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Not even the Senate pages are scared of Trump

Fear can be an effective tool for a political leader — and, per The New York Times, it's one President Trump totally lacks:

Fear is perhaps the most powerful motivating force in politics, and fear of a powerful president is the surest lever to move a lawmaker from a "no" to a "yes" on a presidential priority. But over the past month, Mr. Trump scared no one into supporting the bill to repeal and replace the Affordable Care Act. He has proved simply too unpopular nationally — polling at 36 to 40 percent approval this week — too weak in many senators' home states, too erratic, and too disengaged from the details of governing to harness his party, as other new presidents have. [The New York Times]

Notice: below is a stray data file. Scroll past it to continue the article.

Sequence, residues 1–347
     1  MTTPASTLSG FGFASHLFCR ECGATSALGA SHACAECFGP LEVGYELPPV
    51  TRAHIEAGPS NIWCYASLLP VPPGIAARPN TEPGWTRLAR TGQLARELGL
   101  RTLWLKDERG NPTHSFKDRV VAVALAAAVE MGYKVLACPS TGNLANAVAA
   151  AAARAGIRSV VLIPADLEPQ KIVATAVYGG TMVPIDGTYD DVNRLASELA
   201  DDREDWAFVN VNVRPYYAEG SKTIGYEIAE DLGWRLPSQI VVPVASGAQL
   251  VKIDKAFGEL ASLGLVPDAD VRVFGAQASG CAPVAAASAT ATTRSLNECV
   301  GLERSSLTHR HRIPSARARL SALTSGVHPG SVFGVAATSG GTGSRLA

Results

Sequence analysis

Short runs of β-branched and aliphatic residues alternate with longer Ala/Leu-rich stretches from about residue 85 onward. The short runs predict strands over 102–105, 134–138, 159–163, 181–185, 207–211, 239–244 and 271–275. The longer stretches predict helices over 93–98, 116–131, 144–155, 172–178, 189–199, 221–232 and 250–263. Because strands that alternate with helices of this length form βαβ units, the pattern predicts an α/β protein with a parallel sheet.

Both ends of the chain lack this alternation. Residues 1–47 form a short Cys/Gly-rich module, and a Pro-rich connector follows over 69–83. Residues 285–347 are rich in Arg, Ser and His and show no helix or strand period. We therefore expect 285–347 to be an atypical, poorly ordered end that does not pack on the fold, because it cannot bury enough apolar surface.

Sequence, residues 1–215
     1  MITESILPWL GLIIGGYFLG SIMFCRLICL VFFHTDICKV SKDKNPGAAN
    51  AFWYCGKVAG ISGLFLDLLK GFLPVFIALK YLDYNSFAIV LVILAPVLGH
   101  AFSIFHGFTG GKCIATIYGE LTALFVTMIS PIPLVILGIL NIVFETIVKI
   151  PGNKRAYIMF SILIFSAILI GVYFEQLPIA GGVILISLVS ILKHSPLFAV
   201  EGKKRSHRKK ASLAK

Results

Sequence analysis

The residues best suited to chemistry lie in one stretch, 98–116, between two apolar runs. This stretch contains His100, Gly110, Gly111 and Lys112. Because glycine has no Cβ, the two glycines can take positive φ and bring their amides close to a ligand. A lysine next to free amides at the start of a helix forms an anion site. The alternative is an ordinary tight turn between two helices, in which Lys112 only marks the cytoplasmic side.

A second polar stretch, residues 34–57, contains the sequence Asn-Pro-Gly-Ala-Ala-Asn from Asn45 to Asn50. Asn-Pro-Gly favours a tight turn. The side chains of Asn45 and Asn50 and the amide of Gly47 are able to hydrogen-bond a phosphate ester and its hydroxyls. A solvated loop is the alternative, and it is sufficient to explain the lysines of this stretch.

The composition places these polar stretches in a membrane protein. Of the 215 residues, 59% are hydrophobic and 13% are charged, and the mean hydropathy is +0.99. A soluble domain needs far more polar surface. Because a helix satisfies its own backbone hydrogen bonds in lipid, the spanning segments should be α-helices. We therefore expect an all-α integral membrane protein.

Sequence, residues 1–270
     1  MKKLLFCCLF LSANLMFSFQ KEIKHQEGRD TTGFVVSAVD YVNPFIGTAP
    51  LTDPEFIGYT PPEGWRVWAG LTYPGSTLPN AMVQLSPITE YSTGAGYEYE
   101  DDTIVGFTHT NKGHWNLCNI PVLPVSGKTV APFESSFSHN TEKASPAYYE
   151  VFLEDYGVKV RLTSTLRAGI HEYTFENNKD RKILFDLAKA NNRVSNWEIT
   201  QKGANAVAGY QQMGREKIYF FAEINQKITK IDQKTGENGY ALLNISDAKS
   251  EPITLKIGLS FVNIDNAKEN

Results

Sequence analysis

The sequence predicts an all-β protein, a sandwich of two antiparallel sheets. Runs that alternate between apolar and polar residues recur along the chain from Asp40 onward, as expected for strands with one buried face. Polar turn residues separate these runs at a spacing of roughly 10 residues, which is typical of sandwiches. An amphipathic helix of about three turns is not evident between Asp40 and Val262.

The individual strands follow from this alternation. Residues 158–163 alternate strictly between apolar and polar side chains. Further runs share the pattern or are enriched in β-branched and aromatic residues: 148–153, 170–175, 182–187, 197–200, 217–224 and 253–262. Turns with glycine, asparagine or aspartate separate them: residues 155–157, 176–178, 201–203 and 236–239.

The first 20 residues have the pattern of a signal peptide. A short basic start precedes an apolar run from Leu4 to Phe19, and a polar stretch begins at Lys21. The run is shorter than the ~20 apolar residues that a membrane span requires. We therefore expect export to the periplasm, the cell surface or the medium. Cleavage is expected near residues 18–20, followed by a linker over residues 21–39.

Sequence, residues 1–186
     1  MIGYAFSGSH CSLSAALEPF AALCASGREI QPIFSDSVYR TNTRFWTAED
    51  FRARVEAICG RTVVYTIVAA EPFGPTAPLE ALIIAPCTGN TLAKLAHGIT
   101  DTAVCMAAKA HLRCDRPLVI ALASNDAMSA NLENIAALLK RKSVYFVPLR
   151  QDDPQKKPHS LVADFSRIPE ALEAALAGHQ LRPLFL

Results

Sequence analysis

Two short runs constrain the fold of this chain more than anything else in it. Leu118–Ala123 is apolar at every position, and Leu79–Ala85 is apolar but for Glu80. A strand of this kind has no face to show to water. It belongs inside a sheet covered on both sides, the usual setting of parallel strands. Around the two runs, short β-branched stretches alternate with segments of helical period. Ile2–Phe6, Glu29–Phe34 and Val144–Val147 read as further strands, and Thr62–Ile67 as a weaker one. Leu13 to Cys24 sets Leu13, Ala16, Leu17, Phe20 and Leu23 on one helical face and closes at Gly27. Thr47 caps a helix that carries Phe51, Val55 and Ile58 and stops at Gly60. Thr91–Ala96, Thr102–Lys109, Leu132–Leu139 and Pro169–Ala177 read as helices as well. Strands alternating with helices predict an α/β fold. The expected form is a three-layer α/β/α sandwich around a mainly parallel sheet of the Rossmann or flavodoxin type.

Rob Jesmer, the former executive director of the National Republican Senatorial Committee and a former aide to Sen. John Cornyn (R-Texas), told The New York Times the total lack of fear is "a real problem," and one Trump "hasn't really tried" to remedy. "I don't get why he hasn't been more engaged," Jesmer said, wondering why Trump hasn't, for instance, appeared on local talk radio or made a trip to Kansas.

And it's not just senators who are totally unafraid of the man in the Oval Office: A Republican senator told The New York Times that Trump "scares no one in the Senate, not even the pages."

Read more on Trump's inability to inspire fear at The New York Times.